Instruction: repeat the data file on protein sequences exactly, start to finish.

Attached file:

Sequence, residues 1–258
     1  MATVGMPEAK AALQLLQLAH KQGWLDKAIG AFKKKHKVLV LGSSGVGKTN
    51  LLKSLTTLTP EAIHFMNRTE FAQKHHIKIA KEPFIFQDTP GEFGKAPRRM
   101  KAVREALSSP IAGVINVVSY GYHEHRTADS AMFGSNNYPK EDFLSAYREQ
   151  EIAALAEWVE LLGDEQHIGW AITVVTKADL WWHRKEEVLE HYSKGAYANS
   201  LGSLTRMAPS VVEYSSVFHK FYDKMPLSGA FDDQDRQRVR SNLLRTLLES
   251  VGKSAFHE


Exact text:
Sequence, residues 1–258
     1  MATVGMPEAK AALQLLQLAH KQGWLDKAIG AFKKKHKVLV LGSSGVGKTN
    51  LLKSLTTLTP EAIHFMNRTE FAQKHHIKIA KEPFIFQDTP GEFGKAPRRM
   101  KAVREALSSP IAGVINVVSY GYHEHRTADS AMFGSNNYPK EDFLSAYREQ
   151  EIAALAEWVE LLGDEQHIGW AITVVTKADL WWHRKEEVLE HYSKGAYANS
   201  LGSLTRMAPS VVEYSSVFHK FYDKMPLSGA FDDQDRQRVR SNLLRTLLES
   251  VGKSAFHE